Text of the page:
It sometimes seems (at least to me) like Acts 6 is brought up almost as an excuse not to be passionate about the good of the poor. Well, I've got to pray and read my Bible - I don't have time for such piddly matters.
But I don't think that's the point. No, I know that's not the point. The leaders of the early church were passionately concerned about the needs of the poor. It wasn't because the needs were unimportant or even below them.
I think it is so amazing that when Paul records his meeting with the "Pillars" of the church - the final charge he records them leaving him with was - "they only asked that I remember the poor. The very thing I was eager to do!" Paul didn't say, well I'm a preacher, I can't have a part in helping the poor.
What I'm trying to say, to myself, is that it's not (or should I say) it should not be unusual for preachers - for experts in theology - for pastors to be passionately concerned about the poor and to work hard at doing something about it.
Now, and again here I'm talking to myself but I'm on a roll here (plus I'm listening) so why stop, to get specific, one of the reasons I am so passionate about the starting of biblical orphanages in Africa is because of the unbelievable potential for Christ.
I'm all for starting seminaries, I'm all for starting theological colleges, but I mean, think about this. Honestly, long term it seems at least to me sitting here in front of my computer in America, (by which I'm recognizing my lack of knowledge about what's happening in Africa) but it seems to me if we're talking long term change a continent strategies, the work of reaching out to orphaned children seems like one of the best, most important works the church could possibly be involved in.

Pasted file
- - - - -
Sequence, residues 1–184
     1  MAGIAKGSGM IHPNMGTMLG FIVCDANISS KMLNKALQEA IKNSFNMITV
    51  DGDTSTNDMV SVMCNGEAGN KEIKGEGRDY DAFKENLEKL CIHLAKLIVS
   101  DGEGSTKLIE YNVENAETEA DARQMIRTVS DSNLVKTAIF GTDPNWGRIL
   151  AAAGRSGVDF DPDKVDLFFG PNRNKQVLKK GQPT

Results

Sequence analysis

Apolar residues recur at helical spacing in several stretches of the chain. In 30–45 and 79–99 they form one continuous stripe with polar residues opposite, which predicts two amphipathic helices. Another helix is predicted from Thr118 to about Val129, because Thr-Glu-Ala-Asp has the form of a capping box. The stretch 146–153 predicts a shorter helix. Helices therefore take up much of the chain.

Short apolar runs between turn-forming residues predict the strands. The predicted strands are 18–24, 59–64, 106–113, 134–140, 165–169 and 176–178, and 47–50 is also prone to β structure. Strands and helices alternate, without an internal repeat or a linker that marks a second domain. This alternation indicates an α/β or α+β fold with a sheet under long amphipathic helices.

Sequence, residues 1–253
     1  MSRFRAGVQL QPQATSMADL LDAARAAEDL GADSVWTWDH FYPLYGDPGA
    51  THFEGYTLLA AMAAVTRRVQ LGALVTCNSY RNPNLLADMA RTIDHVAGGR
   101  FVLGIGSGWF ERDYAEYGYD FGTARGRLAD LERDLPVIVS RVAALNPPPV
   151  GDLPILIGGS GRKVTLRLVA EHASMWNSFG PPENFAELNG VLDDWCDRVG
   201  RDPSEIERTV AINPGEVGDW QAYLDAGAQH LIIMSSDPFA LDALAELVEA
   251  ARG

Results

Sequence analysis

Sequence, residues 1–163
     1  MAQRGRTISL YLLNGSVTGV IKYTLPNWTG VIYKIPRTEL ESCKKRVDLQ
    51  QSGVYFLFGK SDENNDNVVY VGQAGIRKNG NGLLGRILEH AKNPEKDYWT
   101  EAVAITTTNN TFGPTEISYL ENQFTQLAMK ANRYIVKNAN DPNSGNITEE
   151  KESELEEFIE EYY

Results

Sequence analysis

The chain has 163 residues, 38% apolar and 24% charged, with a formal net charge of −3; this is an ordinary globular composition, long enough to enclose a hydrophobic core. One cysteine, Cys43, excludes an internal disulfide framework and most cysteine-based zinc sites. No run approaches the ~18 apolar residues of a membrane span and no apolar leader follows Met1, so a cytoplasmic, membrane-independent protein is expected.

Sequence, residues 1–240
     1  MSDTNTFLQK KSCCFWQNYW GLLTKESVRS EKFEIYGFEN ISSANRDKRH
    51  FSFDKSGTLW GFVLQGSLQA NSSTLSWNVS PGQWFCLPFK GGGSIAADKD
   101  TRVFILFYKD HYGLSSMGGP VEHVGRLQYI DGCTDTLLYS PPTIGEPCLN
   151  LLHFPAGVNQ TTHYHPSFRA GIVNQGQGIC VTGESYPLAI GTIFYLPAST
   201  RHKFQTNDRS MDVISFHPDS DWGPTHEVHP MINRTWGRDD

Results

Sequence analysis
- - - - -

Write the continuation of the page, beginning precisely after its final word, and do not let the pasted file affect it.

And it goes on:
First of all, when would you rather start training someone to think biblically? If you had a choice - at age 2 or at age 46? We've got to reach the 46 year olds, I'm all for that. But honestly, we all know that the change process for a 46 year old who has been immersed in a pagan culture is going to be a whole lot slower (or at least different) than it would be for a 2 year old who hasn't picked up many of the bad habits and bad ways of thinking that the 46 year old has.
Second, we've got literally millions of orphans. When I was in Africa I began to learn of course that things are a lot more complicated than just going over and starting orphanages. (I hope I knew that before but what I'm trying to say is that obviously you need to get to know the culture, etc.) But anyway back to the point, we've got millions of orphans - without parents - in need of a home - can you imagine, can you even imagine a better opportunity to literally change an entire continent? "Please train me..." the kids are crying out. What might happen if somehow thousands of orphans were given the opportunity to grow up in a godly African family? If they grew up seeing Christlike behavior modeled in front of them? Grew up learning how to be part of a godly church?